Each seat has a large side table, storage area for bottled water or small items, a mirror for primping, power and USB outlets, a dining table that folds out and storage areas near the armrest. The 42-inch screen in front is sizeable, perhaps one of the largest flying today, which sets the tone to be more like your living room rather than an airplane. A tray table can double as a desk thanks to its spacious size. In fact, designers wanted the seat to feel more like a hotel suite, which is why there are so many thoughtful amenities.
First Class on the A380 follows a similar design profile as The Suite, although with a smaller 32-inch screen.
Some Boeing 777-300ERs still feature the older First Class cabin product - ANA First Square - with a 23-inch screen and no door. The older design offers plenty of privacy, although perhaps too much as couples seated next to each other in the centre seats cannot see each other. Window seats also have a partition between the seat and the window - making it hard to enjoy the view.
A duvet, large pillow, day blanket and slippers await at each seat, and the latest First Class update added air vents so that passengers can control the air flow. ANA, like many airlines, can keep the cabin quite warm. The only way to know if you are flying in the newer cabin is if it is marketed as “The Suite” when booking on the ANA website.
The flight search on BusinessClass.com includes images, videos and seat maps for most airlines and aircraft Search results also include details such as seat pitch, width and recline. This way you can see the seat and cabin configuration of the flight in which you are interested, before making your choice.
ANA’s inflight service is incredibly friendly, but also very Japanese in its service delivery with everything served with formality and precision. Passengers can choose between Western cuisine and Japanese set menus with dishes designed by a team of ANA “connoisseur” chefs. There is also a snack menu that offers alternative choices that can be substituted for parts of the meal service. A unique feature of ANA’s menus is that many dishes list the calorie count, which is helpful for those that like to monitor their nutrition intake.
Large cloths cover the tray table, and the printed menu is delivered along with the choice of beverage and small amuses bouches with bread sticks after takeoff. In First Class, like in Business, the menu is dine-on-demand, but in First Class, there is more flexibility for passengers to mix and match from the Western and Japanese menus.
A hallmark of any good First Class is the caviar course, and ANA does not disappoint presenting an entire jar to each passenger along with the signature accompaniments. This is part of the Western set meal, but it is possible to have it with the Japanese meal upon request.
Course after course soon follow presented with great care on the linen-lined table. Traditional trays are used for the Japanese presentation, and refills on drinks are proffered with a smile. Hot towels appear throughout the meal, and dessert for either dining menu includes tasty treats like ice cream, fresh fruit, cake and cheese.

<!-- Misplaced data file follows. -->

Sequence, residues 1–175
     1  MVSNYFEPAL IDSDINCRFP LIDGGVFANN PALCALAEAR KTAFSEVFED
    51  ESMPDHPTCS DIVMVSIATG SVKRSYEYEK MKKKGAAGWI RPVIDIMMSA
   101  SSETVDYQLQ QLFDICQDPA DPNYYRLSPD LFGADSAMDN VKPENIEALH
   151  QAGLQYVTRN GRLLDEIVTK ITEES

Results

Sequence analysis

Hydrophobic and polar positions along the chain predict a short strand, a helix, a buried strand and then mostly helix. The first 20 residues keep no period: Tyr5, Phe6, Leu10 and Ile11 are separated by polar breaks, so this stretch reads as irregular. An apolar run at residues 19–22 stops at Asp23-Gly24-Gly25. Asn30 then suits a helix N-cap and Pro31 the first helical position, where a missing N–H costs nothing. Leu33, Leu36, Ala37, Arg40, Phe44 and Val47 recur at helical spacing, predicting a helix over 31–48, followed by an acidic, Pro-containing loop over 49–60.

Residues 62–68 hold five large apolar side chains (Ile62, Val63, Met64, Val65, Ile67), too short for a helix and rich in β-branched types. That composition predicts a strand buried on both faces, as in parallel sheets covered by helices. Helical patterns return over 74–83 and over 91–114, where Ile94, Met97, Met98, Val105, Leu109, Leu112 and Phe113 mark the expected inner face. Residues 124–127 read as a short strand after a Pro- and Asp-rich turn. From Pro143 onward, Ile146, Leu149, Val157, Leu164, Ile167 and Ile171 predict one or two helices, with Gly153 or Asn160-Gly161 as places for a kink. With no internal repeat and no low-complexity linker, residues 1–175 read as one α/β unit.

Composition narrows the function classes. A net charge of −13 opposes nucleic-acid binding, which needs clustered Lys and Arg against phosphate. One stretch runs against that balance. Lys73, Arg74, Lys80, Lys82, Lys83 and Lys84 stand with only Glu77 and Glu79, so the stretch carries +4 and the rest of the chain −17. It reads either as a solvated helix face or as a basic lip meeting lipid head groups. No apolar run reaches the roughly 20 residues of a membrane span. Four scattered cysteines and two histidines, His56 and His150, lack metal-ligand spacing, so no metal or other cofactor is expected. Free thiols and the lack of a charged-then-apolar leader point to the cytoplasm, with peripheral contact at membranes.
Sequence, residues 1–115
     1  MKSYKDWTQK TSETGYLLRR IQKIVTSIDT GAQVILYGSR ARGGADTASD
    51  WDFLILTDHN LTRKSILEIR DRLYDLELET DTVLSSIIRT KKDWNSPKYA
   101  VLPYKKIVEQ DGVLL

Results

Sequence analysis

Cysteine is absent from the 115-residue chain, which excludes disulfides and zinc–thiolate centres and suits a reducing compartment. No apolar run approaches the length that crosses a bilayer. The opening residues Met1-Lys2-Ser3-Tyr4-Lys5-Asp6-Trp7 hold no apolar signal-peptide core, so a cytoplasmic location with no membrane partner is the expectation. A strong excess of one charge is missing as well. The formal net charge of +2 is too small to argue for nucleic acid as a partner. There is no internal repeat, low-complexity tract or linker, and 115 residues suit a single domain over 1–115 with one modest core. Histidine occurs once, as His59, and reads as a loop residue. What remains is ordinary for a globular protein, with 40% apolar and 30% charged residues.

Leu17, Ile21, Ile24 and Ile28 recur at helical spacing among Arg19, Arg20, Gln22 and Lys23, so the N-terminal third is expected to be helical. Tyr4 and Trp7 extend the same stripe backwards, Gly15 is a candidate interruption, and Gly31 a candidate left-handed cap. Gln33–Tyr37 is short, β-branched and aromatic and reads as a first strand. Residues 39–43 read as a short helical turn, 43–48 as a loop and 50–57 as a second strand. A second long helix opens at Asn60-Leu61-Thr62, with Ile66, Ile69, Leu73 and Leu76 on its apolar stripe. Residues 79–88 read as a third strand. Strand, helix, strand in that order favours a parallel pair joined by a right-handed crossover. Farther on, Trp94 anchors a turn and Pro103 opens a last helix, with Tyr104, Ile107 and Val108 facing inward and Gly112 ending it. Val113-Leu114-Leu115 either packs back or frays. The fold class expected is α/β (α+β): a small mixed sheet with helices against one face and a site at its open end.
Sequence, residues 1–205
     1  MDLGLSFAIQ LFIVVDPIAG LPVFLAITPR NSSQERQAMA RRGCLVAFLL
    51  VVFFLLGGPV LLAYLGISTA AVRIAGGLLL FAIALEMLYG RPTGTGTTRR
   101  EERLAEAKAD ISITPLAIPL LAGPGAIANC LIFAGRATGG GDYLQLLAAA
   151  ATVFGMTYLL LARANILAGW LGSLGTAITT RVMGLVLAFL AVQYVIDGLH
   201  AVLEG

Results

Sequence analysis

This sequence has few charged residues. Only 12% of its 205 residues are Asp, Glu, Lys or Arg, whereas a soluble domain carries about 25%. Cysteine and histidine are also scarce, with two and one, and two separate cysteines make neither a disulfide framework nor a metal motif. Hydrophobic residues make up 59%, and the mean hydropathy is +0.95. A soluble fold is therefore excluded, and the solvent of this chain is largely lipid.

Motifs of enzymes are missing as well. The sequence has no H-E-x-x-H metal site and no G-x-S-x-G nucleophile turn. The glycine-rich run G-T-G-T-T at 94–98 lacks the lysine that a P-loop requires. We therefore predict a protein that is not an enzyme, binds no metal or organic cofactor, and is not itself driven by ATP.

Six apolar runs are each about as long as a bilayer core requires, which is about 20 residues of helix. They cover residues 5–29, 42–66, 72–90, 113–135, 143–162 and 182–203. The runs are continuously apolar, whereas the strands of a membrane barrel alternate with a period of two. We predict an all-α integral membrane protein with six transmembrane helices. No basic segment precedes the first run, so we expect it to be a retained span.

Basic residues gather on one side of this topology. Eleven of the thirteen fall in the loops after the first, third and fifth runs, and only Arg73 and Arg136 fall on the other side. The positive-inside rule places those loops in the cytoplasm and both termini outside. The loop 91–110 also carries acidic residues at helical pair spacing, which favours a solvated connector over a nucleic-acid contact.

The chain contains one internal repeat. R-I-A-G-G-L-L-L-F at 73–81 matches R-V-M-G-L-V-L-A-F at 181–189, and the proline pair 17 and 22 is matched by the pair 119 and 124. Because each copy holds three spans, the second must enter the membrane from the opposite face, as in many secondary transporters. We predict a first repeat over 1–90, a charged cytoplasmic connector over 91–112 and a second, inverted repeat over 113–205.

Restaurant-style presentation is a hallmark of the entire service with dishes plated in the galley rather than being reheated. The Japanese set menu is always very seafood-heavy whereas the Western options usually include beef, seafood or a pasta dish. No aisle carts are used.
Another nice touch is that there is usually a setup of refreshments and light snacks like fruit and sweets in the galley if you are hungry midflight, but you can also order from a set menu. It includes the airline’s signature ramen or curry and rice dish, pasta, sandwiches, salads and ice cream. These can be ordered any time after the main meal service.
A second meal, which varies based on the time of day, is available, but passengers can choose when and what they want to eat throughout the flight.
Travellers can pre-order special meals like vegetarian, Kosher, or children’s themed dishes if they wish.
Unlike in Business Class on ANA long-haul flights, First Class passengers can enjoy a pre-departure beverage before takeoff. Flight attendants stop by to introduce themselves and take your order, which can include Krug Grande Cuvee Champagne or Billecart Salmon (you have a choice of Champagne in First Class, and it is always poured at your seat).
Once in the air, another drink service comes with an amuse bouche and warm towels. Printed menus outline all the libations on offer including four white wines, four red wines and port. Also on offer are at least four types of sake, a multitude of shoju and plum wine options.
Spirit drinkers will find familiar names including Johnnie Walker Blue Label, Suntory Whisky Hibiki and Bombay Sapphire among others. This is in addition to cocktails, mocktails, liqueurs and bitters. Both Japanese and international beers are on the menu including non-alcoholic beer plus soft drinks and juices.